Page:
NAB Result Confirms Rosy Outlook for Banks

The National Australia Bank has joined the Commonwealth in confirming that the country’s big four banks remain in good health as revenue, business and profits ride out the COVID-dominated economy.

The shares price of the big four banks are all up by 22% to 30% in the past three months or so as investors have realised that bad debts, dodgy mortgages and COVID lockdowns would not hurt them.

The CBA told us a week ago that it had come through the December half in good shape and yesterday the NAB said its cash earnings are growing and loan deferrals are falling.

NAB’s cash earnings for the July quarter were 47% higher than the quarterly average of the first six months of last year, partly due to lower credit impairment charges, it said.

NAB reported $1.7 billion in unaudited statutory net profit and $1.65 billion in unaudited cash earnings for the quarter, identical figures to those reported during the December, 2019 quarter in 2019-20.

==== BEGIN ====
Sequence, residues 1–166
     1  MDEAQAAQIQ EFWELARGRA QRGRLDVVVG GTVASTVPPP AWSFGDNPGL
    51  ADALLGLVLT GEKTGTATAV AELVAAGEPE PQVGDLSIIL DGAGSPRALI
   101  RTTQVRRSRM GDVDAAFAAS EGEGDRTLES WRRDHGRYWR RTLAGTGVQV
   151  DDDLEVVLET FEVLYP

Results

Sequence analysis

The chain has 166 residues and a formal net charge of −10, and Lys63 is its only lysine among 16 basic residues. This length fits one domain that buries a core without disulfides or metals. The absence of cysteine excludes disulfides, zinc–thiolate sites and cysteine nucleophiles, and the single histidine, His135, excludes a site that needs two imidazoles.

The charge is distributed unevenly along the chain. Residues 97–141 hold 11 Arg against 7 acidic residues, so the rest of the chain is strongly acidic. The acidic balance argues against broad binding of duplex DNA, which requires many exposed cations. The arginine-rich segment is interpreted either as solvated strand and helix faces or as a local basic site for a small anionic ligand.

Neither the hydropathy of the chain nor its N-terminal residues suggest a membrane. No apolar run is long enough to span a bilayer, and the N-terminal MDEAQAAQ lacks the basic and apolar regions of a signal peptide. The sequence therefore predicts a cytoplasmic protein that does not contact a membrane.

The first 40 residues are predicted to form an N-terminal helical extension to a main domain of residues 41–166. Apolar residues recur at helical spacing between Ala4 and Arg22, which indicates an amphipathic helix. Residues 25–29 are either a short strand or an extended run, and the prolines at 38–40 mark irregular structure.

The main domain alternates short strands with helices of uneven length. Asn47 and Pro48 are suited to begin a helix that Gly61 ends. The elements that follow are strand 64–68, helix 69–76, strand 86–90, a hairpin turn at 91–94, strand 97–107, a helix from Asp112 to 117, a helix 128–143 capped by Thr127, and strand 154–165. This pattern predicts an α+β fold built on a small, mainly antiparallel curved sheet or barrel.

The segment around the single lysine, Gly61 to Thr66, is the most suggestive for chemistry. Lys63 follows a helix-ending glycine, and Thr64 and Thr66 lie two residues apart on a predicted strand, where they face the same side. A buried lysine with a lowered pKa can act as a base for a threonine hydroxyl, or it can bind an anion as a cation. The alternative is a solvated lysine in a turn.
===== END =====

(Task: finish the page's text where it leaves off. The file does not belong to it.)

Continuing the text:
CEO Ross McEwan said the performance had been “sound” in the competitive, low interest rate environment.

“Improving economic and health outcomes in Australia and New Zealand are encouraging as are the reductions we are seeing in deferral balances,” he said. “However, there are still a number of uncertainties requiring further clarity.”

Mr McEwan said ongoing COVID-19 restrictions and the tapering off government support will have an impact on the big four bank and its customers.

NAB updates its its loan deferrals, which have now fallen to around $2 billion for businesses and $1 billion for home loans as of December 31, compared to peaks of $19 billion for business and $38 billion for home loans.

Also included in the quarterly update, NAB reported lower markets income had pushed revenue down by 3% but expenses fell by 1% as managements forges on with its strategy of streamlining processes.

The bank has approved more than 4000 home loans using the federal government’s first home loan deposit scheme, which allows first home buyers to pay only a 5% deposit and removes the need to pay for costly lenders mortgage insurance.

NAB shares rose 1% to $25.56.


About Glenn Dyer

Glenn Dyer has been a finance journalist and TV producer for more than 40 years. He has worked at Maxwell Newton Publications, Queensland Newspapers, AAP, The Australian Financial Review, The Nine Network and Crikey.

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